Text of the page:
It will. The Masters always is. But Woods needs a solid Friday to make sure he’s part of that mix.

Sergio’s terrible, no good, very bad hole

Sergio Garcia came to Augusta National’s 15th hole at two over in his first round as reigning Masters champ. His score was decidedly higher when walking to the 16th tee. After hitting a 320-yard drive on the 15th, leaving 200 yards and change, the Spaniard’s approach went into the water. As did his fourth. And six. And eighth. And, you guessed it, 10th.

However, the 12th found land, and the 38-year-old sunk the 10-footer. The final damage? An octuple-bogey 13.

“I don’t know,” Garcia responded when asked to explain the hole. “I don’t know what to tell you. It’s one of those things. I feel like—I don’t know, it’s the first time in my career where I make a 13 without missing a shot. Simple as that. I felt like I hit a lot of good shots and unfortunately the ball just didn’t want to stop. I don’t know, you know, it’s one of those things. So it’s just unfortunate, but that’s what it is.”

The 13 tied for the highest score in Masters history, and the highest score on the 15th, “beating” the 11s of Masashi (Jumbo) Ozaki, Ben Crenshaw and Ignacio Garrido. To Garcia’s credit, he bounced back on the 16th with a birdie. But it’s safe to say he won’t be defending his crown.

Day’s suds-soaked shot

That Jason Day’s drive at the first went left is not a shock; that side is a common bailout for players on the opening tee. What makes Day’s shot unique is where his second landed: into a patron’s beer.

The 2015 PGA champ’s approach sailed to the right, clattered around the Georgia pines, hit a patron’s shoulder and landed in a libation. Told by an official that Day needed to identify his ball, the fan obliged, downing the drink to the amusement of his fellow patrons and Day.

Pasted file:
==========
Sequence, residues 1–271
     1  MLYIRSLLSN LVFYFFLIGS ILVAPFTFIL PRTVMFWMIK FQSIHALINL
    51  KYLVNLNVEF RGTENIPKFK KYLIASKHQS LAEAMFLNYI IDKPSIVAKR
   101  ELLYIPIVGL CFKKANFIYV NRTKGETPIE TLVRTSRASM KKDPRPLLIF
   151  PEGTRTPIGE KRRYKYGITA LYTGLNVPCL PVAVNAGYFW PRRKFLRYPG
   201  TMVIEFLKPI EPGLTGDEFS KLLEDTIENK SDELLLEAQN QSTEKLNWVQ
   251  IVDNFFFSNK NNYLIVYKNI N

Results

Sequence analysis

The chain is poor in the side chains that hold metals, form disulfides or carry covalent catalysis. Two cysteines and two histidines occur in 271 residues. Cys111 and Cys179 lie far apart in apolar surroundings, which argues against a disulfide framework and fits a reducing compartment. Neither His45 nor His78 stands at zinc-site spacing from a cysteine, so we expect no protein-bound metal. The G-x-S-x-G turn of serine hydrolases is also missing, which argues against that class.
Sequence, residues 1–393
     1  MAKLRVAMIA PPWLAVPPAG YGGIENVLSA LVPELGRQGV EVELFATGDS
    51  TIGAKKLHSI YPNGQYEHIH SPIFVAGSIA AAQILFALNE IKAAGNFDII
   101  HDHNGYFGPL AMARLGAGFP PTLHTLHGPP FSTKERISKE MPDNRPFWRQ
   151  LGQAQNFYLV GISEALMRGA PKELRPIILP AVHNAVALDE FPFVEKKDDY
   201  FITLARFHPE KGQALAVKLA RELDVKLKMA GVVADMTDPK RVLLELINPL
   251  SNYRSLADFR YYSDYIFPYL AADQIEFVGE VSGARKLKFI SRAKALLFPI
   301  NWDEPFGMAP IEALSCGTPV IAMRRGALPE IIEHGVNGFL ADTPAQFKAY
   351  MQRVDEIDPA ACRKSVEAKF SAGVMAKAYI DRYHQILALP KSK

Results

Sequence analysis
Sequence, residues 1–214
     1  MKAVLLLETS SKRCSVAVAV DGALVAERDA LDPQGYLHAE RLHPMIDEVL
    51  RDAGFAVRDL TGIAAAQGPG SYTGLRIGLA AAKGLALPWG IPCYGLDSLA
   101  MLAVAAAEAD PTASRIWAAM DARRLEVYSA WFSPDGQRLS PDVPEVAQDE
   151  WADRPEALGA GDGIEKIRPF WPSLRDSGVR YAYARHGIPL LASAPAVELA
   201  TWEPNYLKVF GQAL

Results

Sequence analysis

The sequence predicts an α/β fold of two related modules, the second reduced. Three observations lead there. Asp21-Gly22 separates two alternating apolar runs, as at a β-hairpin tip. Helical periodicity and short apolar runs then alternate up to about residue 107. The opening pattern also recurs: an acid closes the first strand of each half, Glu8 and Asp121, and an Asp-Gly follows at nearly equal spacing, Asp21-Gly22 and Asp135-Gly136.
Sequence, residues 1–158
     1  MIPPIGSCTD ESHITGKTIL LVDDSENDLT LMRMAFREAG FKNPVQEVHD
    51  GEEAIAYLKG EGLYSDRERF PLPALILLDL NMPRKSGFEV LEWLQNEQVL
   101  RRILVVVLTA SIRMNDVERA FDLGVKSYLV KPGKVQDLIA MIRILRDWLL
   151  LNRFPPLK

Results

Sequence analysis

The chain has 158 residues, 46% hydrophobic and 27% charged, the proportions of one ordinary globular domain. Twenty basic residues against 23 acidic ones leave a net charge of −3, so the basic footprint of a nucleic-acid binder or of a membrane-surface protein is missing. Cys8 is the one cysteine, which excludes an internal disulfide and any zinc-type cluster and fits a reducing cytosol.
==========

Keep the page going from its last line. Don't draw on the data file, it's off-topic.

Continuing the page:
Unfortunately for Day, he was unable to save par from the suds-soaked spot, walking away with a bogey. The rest of his front nine wasn’t much better, making the turn in 40 and finishing with a 75. But at least he had a story to cheers to after the round.

Source: Golfdigest.com

AUGUSTA, Ga. — Tiger Woods was on the driving range Tuesday at the Masters after playing nine holes in a foursome that included Phil Mickelson when Rory McIlroy sidled up and made him laugh. McIlroy said he had told Woods, “I never thought I’d see the day: Tiger and Phil playing a practice round at Augusta.”

Yes, it was hardly practice as usual at Augusta National when Mickelson and Woods, the game’s great rivals who had circled each other like birds of prey for more than two decades, played nine holes together ahead of a major for the first time in their storied careers.

It was Mickelson’s idea, and Woods embraced it. “We enjoyed it,” Woods said.

This very public thawing of their relationship proved an irresistible attraction at Augusta National, where, strangely, birdsong is heard but birds are rarely seen. That’s what made the sight at the 13th hole doubly surreal. As Mickelson and Woods were playing the 510-yard par 5, a large crane strutted across the fairway.

The crane joined the huge gallery in time to see Woods hit his second shot to within 40 feet of the pin. The roar after Woods stepped up and sank the eagle putt was deafening. The crowd erupted again after he made a much shorter attempt for another eagle at 15. When the noise quieted to a loud murmur, one patron remarked, “It sounds like Sunday and it’s only a practice round.”

Mickelson and Woods beat the other half of the foursome, Fred Couples, the 1992 Masters champion, and the Belgian Thomas Pieters, in a contest that wasn’t close. “It was very loud and very fun and they hit some real good shots,” Couples said. “Wow.”

Mickelson wore a long-sleeved, button-down shirt that inspired a joke from his playing partner. “The only thing that was missing was a tie,” Woods said.

Woods has gotten the better of Mickelson on the course many more times than not, but according to their peers, it is a tossup as to who is ahead in the war of wit.